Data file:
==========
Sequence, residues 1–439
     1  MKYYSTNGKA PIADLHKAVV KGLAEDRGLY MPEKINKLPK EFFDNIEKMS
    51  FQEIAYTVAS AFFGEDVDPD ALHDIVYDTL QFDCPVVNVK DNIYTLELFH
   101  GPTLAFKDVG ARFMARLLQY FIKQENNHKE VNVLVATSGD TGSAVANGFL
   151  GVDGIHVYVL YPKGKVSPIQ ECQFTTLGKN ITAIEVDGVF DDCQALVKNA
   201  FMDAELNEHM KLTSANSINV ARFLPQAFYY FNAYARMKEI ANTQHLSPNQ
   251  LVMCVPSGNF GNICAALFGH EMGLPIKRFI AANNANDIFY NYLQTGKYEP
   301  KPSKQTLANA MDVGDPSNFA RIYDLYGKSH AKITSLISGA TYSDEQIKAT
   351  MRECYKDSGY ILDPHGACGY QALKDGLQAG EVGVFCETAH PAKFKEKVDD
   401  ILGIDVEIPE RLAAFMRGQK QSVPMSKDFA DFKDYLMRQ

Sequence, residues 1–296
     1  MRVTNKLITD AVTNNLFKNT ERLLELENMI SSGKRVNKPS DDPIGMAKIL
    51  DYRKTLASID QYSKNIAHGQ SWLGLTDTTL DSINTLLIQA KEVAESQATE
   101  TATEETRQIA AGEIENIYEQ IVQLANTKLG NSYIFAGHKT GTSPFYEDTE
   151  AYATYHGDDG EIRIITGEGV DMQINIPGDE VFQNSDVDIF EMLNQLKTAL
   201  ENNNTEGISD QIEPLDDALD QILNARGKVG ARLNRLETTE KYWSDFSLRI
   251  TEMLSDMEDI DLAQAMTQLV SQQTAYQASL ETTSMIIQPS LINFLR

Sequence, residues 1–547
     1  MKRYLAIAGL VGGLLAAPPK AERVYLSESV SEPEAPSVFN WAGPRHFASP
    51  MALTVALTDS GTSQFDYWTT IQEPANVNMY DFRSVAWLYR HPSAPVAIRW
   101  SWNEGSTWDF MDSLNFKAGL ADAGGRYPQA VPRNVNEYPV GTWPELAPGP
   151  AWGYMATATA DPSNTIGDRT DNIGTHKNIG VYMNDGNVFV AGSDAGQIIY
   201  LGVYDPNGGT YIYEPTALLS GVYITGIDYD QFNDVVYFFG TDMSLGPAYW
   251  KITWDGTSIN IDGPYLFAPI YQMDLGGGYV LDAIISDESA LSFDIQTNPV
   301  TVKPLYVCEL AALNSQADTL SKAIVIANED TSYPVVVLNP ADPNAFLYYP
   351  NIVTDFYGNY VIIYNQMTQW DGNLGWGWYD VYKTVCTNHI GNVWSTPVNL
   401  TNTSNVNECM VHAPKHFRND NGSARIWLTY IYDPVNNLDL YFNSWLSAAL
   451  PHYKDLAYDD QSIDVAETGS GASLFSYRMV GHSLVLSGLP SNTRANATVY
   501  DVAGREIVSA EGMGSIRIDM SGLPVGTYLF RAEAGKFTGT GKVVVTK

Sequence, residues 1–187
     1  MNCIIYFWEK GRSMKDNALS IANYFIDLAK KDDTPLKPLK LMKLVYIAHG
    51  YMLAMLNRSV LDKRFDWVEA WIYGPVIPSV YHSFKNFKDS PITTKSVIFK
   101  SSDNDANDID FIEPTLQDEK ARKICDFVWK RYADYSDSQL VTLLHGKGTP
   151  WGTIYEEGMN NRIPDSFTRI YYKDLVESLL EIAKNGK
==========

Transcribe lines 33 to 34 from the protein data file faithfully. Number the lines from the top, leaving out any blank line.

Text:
   101  SSDNDANDID FIEPTLQDEK ARKICDFVWK RYADYSDSQL VTLLHGKGTP
   151  WGTIYEEGMN NRIPDSFTRI YYKDLVESLL EIAKNGK